Epilepsy Talk

An Earbud to Predict Seizures? The Future is Here! | October 28, 2016

Imagine a tiny, unobtrusive brain monitor — like an earbud or a hearing aid — that could read brainwaves through the ear.

Amazing as it sounds, this tiny device could help predict seizures and track daily seizures in people with uncontrolled epilepsy, according to a small pilot study.

Engineers at Imperial College in London have developed exactly that. An EEG device that can be worn inside the ear, like a hearing aid.

They say the device will allow scientists to record EEGs for several days at a time. This would allow doctors to monitor patients who have regularly recurring seizures.

The device is limited by the fact that it’s best at recording activity from the region it’s attached to, the temporal lobe, but an ear-based EEG has other advantages.

Having a device that fits right in the ear makes it easier to keep the electrodes in the same spot for accurate readings, and reduces the signal noise created by body movement.

The wearer can still hear through it, making it an inconspicuous way to monitor the brain activity of people who have daily seizures.

By nestling the EEG inside the ear, the engineers avoid a lot of signal noise usually introduced by body movement. And it allows researchers to record EEG data over multiple days, even as patients move around.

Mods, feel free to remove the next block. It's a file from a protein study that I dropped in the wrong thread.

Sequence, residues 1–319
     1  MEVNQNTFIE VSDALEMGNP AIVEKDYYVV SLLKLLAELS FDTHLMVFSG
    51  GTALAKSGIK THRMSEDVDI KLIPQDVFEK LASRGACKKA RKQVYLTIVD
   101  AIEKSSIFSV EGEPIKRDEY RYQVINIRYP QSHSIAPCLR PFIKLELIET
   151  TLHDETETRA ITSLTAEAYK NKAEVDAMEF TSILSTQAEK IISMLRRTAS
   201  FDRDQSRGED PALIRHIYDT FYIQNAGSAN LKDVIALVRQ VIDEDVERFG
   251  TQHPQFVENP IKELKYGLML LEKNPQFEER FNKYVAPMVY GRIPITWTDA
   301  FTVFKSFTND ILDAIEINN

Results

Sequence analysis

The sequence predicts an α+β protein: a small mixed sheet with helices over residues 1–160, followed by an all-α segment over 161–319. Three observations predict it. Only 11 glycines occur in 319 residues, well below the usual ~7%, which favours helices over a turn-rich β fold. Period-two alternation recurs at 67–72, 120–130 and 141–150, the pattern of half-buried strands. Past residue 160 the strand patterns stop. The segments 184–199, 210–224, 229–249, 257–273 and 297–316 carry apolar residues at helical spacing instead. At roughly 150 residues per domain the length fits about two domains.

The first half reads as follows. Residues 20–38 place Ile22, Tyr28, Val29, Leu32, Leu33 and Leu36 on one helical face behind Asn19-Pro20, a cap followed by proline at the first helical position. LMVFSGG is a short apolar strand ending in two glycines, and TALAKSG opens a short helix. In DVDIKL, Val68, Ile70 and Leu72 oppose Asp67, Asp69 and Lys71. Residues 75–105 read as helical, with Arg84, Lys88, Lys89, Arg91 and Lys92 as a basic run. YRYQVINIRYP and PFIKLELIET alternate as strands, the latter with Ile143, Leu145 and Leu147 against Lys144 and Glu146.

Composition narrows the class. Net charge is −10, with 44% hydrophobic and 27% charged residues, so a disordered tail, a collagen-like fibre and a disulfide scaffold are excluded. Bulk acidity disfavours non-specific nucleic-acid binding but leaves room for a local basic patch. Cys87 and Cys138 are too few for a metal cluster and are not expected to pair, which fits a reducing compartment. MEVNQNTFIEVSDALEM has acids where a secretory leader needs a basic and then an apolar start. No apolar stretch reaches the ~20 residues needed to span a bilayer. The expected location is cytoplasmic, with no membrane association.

They can also ensure that the electrodes are always placed in exactly the same spot which, they say, will make repeated readings more reliable.

“The ideal is to have a very stable recording system, and recordings which are repeatable,” explains co-creator Dr. Danilo Mandic.

“It’s not interfering with your normal life, because there are acoustic vents so people can hear. After a while, they forget they’re having an EEG.”

Also, an Israeli start-up called HeadSense, has developed a pair of earbuds which claims it can monitor pressure inside the human skull.

These earbuds are made of medical-grade EEG sensors to capture brain activity 2,000 times per second and a Bluetooth radio to shoot your thoughts to the smartphone, tablet, or PC of your choice.

HeadSense’s earbuds work by emitting low-frequency sounds and monitoring changes in the sound waves as they pass through the brain.

Increased pressure causes blood flow in the brain to decrease.

And according to HeadSense, the corresponding narrowing of the blood vessels causes the sounds to raise in pitch.

This data is fed wirelessly to the device of your choice which performs the calculations to convert the measurements into a pressure reading.

It all sounds pretty amazing.

And of course, for patients who don’t respond to drugs, it could be a triumph.

But larger trials are needed, before these earbuds become an approved FDA reality.

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  1. Terrific! Thank you for the news. Can’t wait until it’s readily available!


    Comment by Tina — October 28, 2016 @ 5:15 PM

  2. Tina, it sounds really remarkable, doesn’t it?


    Comment by Phylis Feiner Johnson — October 28, 2016 @ 5:33 PM

  3. Will send my daughter across the pond to be a part of this!


    Comment by Cassandra Kennedy — October 28, 2016 @ 5:41 PM